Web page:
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Fractional Distillation of Esters

Figure from experiment 9 from Organic Chemistry with Vernier


Fractional distillation is a technique used to separate mixtures of compounds into pure components. At a given temperature, a pure liquid has a specific vapor pressure. Heating the liquid provides a greater mole fraction of molecules with the kinetic energy needed to escape into the gas phase. This temperature, when the vapor pressure of a liquid equals the atmospheric pressure, is defined as the boiling temperature of a substance.

If substances in a mixture have significantly different vapor pressures, they can be separated by a technique known as simple distillation. In simple distillation, a mixture is warmed slowly and the most volatile liquid vaporizes first. The vapor is then condensed back to liquid and collected in a separate flask. For mixtures of compounds with similar boiling points, you could perform a simple distillation multiple times, or employ fractional distillation.

A fractionating column is one designed to allow multiple simple distillations to occur over its length. One type of fractionating column is a long glass tube packed with glass or ceramic beads that allows the vapor to condense and vaporize multiple times as it travels up the column. Each cycle of condensation and evaporation is called a theoretical plate. The more theoretical plates in the column, the better the separation between the compounds in a mixture will be.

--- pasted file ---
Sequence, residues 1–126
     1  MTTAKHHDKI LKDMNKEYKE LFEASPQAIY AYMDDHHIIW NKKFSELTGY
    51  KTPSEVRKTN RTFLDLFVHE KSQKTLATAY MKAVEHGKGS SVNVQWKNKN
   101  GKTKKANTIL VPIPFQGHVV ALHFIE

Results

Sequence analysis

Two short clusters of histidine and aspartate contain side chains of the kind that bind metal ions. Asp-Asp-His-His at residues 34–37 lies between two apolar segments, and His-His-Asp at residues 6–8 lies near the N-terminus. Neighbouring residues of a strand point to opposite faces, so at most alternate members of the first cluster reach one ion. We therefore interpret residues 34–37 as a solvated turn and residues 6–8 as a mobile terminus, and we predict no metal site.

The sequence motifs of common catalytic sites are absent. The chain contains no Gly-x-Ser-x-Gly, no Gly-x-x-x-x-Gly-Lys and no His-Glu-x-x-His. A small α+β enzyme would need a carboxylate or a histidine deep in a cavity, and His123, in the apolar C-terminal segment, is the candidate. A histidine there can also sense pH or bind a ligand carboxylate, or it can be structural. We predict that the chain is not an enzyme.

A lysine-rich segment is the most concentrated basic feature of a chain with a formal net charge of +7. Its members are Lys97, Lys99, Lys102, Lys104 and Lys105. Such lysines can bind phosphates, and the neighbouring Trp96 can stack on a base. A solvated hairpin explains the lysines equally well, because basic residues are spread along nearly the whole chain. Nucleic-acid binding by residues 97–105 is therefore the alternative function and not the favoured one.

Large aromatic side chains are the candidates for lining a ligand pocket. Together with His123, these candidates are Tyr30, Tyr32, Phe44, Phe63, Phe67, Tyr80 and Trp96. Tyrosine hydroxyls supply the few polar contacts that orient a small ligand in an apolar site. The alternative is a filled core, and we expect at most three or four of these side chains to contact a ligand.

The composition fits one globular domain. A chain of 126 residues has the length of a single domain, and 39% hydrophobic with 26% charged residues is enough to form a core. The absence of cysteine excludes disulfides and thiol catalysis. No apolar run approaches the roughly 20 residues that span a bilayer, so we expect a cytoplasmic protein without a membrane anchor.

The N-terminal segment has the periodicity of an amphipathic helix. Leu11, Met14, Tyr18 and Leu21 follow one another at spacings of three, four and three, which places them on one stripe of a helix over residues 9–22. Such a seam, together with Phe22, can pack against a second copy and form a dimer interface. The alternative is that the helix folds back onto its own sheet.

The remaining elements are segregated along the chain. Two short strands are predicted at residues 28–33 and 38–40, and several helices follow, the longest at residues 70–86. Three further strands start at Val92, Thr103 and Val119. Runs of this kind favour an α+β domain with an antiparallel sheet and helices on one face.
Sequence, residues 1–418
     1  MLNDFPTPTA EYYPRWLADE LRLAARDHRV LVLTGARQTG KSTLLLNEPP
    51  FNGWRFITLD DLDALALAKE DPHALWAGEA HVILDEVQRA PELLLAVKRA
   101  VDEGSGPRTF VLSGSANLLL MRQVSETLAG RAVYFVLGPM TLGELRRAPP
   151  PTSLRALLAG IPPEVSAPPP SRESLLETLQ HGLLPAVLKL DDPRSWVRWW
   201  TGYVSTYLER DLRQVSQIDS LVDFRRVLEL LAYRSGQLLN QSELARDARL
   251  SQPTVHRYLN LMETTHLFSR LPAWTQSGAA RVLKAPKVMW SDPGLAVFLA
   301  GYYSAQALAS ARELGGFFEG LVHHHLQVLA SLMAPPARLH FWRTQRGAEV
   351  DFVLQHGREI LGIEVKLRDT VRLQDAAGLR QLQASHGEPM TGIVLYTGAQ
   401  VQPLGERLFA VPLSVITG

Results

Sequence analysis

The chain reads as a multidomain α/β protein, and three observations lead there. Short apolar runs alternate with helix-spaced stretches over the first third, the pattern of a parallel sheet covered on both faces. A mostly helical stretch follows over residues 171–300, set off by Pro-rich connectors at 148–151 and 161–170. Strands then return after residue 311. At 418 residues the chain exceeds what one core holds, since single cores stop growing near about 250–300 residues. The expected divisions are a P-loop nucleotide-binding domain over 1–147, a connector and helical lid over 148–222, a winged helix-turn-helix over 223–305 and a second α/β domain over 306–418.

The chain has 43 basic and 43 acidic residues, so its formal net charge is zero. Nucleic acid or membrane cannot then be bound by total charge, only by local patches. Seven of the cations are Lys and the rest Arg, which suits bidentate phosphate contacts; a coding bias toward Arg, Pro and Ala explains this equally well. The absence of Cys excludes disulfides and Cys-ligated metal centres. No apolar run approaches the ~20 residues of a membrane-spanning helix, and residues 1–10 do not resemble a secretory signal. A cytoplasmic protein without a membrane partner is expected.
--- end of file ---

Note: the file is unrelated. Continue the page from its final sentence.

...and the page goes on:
In this experiment, you will

  • Measure and analyze the retention times and peak areas of ethyl acetate and butyl acetate.
  • Conduct the fractional distillation of a mixture of ethyl acetate and butyl acetate.
  • Measure and analyze the retention times and peak areas of the fractions.
  • Estimate the mole fraction of the components of the mixture.

Sensors and Equipment

This experiment features the following Vernier sensors and equipment.

Additional Requirements

You may also need an interface and software for data collection. What do I need for data collection?

Organic Chemistry with Vernier

See other experiments from the lab book.

1Determining Melting Temperature
3Determination of a Boiling Point
4Identifying an Unknown Analgesic by Three Methods
5Separation of Organic Compounds by Acid-Base Extraction Techniques
6Understanding Polarimetry
7Identification of Organic Unknowns Using Polarimetry
8Investigating Gas Chromatography
9Fractional Distillation of Esters
10Understanding Intermolecular Forces Using a Gas Chromatograph: Enthalpy of Vaporization
11Investigating Thermodynamic Relationships of Substituted Hydrocarbons
12Extraction of Spinach Pigments and Analysis by Electronic Absorption Spectroscopy
13SN1: Synthesis of t-butyl chloride
14SN2: Synthesis of 1-bromobutane
15Observing the Reaction Kinetics of Sucrose with Polarimetry
16The Synthesis and Analysis of Aspirin
17Isolation of R-(+)-Limonene from Oranges using Steam Distillation
18Synthesizing Ethyl Acetate by Fisher Esterification
19Synthesis of Dibenzalacetone by Aldol Condensation
20The Diels-Alder Reaction of Anthracene with Maleic Anhydride
21Friedel-Crafts Acylation of Ferrocene
22Grignard Formation of Crystal Violet
23Synthesis of Fluorescein
24Synthesis of Methyl Orange and Its Application to Textiles
25Analysis of Natural Products
26Using a Gas Chromatograph: Identifying an Unknown Compound

Experiment 9 from Organic Chemistry with Vernier Lab Book

<i>Organic Chemistry with Vernier</i> book cover

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